February 15, 2011

The Journal of Art Crime: Essayist Catherine Schofield Sezgin Speculates on Paris Theft, May 2010

In an essay entitled “The Paris Art Theft, May 2010,” Catherine Schofield Sezgin relates the events of the theft of the Musée d’Art Moderne de la Ville de Paris in the 16th arrondissement in Paris and speculates about how the thief may have stolen five paintings.

Christophe Girard, deputy culture secretary in Paris, estimated the value of the stolen paintings at 100 Euros ($123 million). The five missing paintings are reported as: “Le pigeon aux petits-pois” (The Pidgeon with the Peas), an ochre and brown Cubist oil painting by Pablo Picasso worth an estimated 23 million euros; “La Pastorale” (Pastoral), an oil painting of nudes on a hillside by Henri Matisse about 15 million euros; “L’olivier prés de l’Estaque” (Olive Tree Near Estaque)by Georges Braque; “La femme a l’eventail” (Woman with a Fan) by Amedeo Modigliani; and “Nature-more aux chandeliers” (Still Life with Candlesticks) by Fernand Leger.

According to Paris’ mayor, Betrand Delanoe, the museum’s security system, including some of the surveillance cameras, has not worked since March 30 and has not been fixed since the security company is waiting for parts from a supplier.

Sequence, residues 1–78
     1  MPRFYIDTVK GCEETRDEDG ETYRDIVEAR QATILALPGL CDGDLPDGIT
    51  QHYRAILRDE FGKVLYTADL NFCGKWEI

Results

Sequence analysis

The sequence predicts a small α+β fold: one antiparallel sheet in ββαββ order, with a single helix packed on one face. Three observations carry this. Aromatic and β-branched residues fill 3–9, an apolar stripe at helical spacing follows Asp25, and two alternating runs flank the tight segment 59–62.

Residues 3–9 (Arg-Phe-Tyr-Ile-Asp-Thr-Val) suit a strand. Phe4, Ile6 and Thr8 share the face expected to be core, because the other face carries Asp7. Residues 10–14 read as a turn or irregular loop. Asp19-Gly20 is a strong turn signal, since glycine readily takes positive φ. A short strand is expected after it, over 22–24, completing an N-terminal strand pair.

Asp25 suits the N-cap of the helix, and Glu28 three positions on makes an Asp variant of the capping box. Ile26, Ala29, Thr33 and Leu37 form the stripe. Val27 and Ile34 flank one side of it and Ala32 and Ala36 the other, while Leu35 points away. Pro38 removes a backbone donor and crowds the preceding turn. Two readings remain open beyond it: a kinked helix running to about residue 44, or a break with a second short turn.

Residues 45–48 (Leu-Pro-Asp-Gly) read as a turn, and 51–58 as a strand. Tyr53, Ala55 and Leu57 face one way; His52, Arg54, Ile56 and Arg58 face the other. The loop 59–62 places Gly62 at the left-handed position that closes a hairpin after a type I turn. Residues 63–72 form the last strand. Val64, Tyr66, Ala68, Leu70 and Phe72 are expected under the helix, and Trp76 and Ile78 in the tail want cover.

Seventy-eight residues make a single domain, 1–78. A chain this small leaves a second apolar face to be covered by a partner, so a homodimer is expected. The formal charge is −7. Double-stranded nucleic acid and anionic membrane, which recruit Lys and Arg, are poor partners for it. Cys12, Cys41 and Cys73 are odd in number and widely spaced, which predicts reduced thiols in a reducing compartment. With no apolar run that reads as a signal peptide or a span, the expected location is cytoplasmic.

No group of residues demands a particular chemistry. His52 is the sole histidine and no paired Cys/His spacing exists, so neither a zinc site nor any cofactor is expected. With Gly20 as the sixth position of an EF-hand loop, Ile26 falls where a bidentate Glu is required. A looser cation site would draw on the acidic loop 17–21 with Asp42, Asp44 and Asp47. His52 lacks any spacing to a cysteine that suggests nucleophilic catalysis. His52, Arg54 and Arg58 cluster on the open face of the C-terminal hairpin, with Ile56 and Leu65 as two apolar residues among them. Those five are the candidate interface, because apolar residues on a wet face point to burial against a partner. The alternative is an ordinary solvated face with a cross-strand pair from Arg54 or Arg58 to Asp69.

"In 2009, early January, I was ending a two-week holiday in Paris. We had been staying next door to the Musée d’Art Moderne de la Ville de Paris but had not been inside it. On Saturday evening, the night before leaving, I left my children in the apartment and walked next door to check out the permanent collection which was free. The museum would be closing in a few minutes. I headed downstairs and started looking at paintings, somewhat sure that after days and days in Paris at the Musee d'Orsay and the Louvre and the Musée National d'Art Moderne at the Centre Pompidou that there wasn't much more for me to see in such short time. And then I saw this painting of trees that amazed me, and discovered that it was by Braque, titled, in English, Olive Tree Near Estaque. I just loved it and am happy to share these photos now." -- Catherine Schofield Sezgin.
To seek out this piece, and many others, consider a subscription to the Journal of Art Crime—the first peer-reviewed academic journal covering art and heritage crime. ARCA publishes two volumes annually in the Spring and Fall. Individual, Institutional, electronic and printed versions are all available, with subscriptions as low as 30 Euros. All proceeds go to ARCA's nonprofit research and education initiatives. Please see the publications page for more information.


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